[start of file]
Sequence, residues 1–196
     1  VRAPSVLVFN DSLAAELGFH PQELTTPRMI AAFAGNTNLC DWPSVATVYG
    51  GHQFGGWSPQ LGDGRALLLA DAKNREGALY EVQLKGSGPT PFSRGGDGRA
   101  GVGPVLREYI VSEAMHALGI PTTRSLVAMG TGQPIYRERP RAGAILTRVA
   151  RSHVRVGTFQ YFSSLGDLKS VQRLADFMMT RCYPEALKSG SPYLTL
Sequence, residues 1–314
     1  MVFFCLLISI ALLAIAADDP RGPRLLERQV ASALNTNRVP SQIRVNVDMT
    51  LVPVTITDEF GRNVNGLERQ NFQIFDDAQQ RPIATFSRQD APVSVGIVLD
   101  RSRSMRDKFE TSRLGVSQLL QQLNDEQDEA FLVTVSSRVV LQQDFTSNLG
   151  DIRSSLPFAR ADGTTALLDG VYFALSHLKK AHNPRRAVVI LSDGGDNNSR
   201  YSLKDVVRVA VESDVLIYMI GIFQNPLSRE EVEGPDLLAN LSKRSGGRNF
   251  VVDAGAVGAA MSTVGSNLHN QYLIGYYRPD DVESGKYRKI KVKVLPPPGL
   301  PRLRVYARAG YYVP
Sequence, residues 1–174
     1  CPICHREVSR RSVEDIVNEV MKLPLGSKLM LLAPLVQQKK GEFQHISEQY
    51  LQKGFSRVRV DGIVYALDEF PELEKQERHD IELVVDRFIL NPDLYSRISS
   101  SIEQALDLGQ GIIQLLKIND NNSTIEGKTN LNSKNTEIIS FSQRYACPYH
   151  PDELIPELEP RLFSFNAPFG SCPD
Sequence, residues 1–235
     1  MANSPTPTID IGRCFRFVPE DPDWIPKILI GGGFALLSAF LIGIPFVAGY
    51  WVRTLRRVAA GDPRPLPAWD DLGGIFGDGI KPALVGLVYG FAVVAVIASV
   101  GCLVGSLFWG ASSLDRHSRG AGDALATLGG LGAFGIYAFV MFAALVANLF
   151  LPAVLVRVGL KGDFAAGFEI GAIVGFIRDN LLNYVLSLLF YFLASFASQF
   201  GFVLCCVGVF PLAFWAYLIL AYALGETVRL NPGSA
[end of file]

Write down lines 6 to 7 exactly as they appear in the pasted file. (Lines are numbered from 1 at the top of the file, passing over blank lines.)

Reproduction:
Sequence, residues 1–314
     1  MVFFCLLISI ALLAIAADDP RGPRLLERQV ASALNTNRVP SQIRVNVDMT